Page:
OK to follow up after the Interview: You do the interview, you feel good, but on the car ride home you think, “Boy, I should have said X, or I wish I had brought up Y during the interview.” What do you do? Give the reporter a call. Reporters appreciate people who are conscientious. “Mr. Smith, I was thinking more about our interview, and I want to add to my answer concerning X….”
Question: But, Doug, what if a reporter really sandbags you? If they literally come jumping out the bushes as you walk to your car and slam with you the following question: “Dr. Jones, I’m Scoop Fredericks from Action 5 News, and two of your former nurses have told us that Memorial Hospital has killed 100 patients over the last two years, and you and your defense lawyer personally have covered up every one of these cases. Can you give us a comment?”
Most people when confronted in this manner will run away, jump in the car, and maybe even give the reporter or cameraman a shove. Don’t do this….because on the six o’clock news they will spin it as you are covering up the truth and everyone including your dog will hate you. Do this instead:
“Hi, Scoop, I am happy to talk with you…please tell your cameraman to stop recording and we will walk back to my office where we can have a discussion.”
Totally disarming. If Scoop keeps filming, he looks like a jerk. If Scoops tell the cameraman to shut it down, this means you are in charge (which you are.) Scoop and you walk back to the office, talk off the record for a while, and when you are ready to make a statement you tell ol’ Scoop it is OK for the cameraman to record again.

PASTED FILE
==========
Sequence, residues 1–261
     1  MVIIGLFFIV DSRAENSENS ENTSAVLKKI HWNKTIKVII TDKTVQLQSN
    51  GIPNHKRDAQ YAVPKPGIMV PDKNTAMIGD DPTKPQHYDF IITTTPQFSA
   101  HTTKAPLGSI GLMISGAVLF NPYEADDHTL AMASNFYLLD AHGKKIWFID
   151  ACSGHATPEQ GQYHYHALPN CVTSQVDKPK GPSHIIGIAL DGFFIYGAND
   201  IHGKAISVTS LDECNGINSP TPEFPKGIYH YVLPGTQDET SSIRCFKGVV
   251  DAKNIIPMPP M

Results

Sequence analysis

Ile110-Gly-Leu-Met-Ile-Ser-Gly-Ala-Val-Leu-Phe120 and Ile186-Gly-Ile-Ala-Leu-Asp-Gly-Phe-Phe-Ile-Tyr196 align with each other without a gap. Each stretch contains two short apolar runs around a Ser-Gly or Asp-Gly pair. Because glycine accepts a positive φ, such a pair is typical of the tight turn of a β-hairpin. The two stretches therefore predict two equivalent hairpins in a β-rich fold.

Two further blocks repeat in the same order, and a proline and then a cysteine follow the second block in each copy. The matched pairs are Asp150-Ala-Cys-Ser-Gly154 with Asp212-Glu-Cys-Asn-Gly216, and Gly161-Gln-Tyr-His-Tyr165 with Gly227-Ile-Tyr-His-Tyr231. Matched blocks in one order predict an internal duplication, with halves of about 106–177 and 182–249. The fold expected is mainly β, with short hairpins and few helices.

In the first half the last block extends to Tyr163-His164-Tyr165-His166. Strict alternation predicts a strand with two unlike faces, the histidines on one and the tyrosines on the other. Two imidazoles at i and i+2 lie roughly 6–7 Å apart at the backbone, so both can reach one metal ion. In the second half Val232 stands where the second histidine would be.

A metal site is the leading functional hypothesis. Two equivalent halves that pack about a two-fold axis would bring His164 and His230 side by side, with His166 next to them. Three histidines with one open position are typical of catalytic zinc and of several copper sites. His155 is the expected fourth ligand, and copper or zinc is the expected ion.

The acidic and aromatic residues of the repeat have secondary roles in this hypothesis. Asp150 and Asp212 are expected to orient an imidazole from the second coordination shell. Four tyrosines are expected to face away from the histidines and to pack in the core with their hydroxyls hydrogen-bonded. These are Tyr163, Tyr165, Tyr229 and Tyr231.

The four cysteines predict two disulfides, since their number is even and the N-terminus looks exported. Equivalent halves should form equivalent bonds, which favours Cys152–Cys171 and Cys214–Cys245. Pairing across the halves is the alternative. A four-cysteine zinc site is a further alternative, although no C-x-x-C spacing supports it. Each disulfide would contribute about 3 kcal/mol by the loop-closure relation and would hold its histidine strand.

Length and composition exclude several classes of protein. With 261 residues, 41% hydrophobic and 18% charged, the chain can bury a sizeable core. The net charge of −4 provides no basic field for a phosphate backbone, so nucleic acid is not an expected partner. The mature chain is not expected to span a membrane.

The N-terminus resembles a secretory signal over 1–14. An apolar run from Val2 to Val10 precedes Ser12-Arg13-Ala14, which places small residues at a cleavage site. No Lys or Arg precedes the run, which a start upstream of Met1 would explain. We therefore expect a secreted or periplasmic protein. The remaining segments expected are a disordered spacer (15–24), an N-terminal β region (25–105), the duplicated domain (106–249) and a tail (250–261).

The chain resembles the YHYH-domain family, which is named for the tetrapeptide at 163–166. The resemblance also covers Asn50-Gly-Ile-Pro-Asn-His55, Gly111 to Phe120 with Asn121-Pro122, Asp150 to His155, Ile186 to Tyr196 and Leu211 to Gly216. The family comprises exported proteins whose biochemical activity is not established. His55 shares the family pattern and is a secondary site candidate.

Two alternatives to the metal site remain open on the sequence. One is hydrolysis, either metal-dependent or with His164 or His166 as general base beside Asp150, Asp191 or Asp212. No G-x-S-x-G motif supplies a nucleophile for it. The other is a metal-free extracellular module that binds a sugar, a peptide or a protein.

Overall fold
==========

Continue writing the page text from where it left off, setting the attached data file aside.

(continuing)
Doug Wojcieszak, Founder, Sorry Works!, 618-559-8168
Original e-newsletter from last week concerning the Baystate Health Story
Below is a story about disclosure at Boston-area hospitals. The reporter interviewed Dr. Evan Benjamin who is the leader of the Baystate Health disclosure program. It’s a pretty good article….Dr. Benjamin said his disclosure program had reviewed 100 cases and decided six cases warranted a full apology. However, unfortunately, Dr. Benjamin was not ready to answer certain questions about his disclosure program. Consider the following section from the article:
“Benjamin, though, was not prepared to be completely transparent in our interview. He would not say how many resolutions included money, nor the amounts, which are paid by the hospital’s insurance — a Baystate-owned company. The hospital also declined to give out contact information for any patients or doctors involved in an error. And Benjamin said he couldn’t remember any case details.
‘I’d have to pull up my data,’ he said during the interview. ‘I’m not prepared to do that…. I’d have to get my staff to pull those particular cases.’”
First rule of dealing with the media is they like stories. Reporters are basically story tellers, and they often want more than facts, figures, and charts. Don’t tell us about how you operate a dog rescue agency that saved 1,000 dogs over the last five years, no, show us Lassie who you found covered on the side of road with three broken legs, covered with dirt, flees, and ticks, nursed him back to health, and then you found a really nice family to adopt Lassie, etc, etc, then tell us about the 1,000 dogs you saved over the last five years and other great facts and figures about your organization. Understand how the game plays? You give something then you get something.